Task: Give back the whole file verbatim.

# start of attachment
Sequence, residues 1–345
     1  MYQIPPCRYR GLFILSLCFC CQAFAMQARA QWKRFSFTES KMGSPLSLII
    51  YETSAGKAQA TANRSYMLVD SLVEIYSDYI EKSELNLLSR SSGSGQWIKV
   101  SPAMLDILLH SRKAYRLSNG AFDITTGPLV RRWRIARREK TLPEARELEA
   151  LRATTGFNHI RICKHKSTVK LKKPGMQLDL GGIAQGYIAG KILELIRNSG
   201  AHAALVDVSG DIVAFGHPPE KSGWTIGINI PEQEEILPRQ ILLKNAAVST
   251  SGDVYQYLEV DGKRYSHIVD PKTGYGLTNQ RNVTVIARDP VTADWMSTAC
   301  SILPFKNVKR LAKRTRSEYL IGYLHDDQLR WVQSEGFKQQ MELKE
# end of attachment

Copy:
Sequence, residues 1–345
     1  MYQIPPCRYR GLFILSLCFC CQAFAMQARA QWKRFSFTES KMGSPLSLII
    51  YETSAGKAQA TANRSYMLVD SLVEIYSDYI EKSELNLLSR SSGSGQWIKV
   101  SPAMLDILLH SRKAYRLSNG AFDITTGPLV RRWRIARREK TLPEARELEA
   151  LRATTGFNHI RICKHKSTVK LKKPGMQLDL GGIAQGYIAG KILELIRNSG
   201  AHAALVDVSG DIVAFGHPPE KSGWTIGINI PEQEEILPRQ ILLKNAAVST
   251  SGDVYQYLEV DGKRYSHIVD PKTGYGLTNQ RNVTVIARDP VTADWMSTAC
   301  SILPFKNVKR LAKRTRSEYL IGYLHDDQLR WVQSEGFKQQ MELKE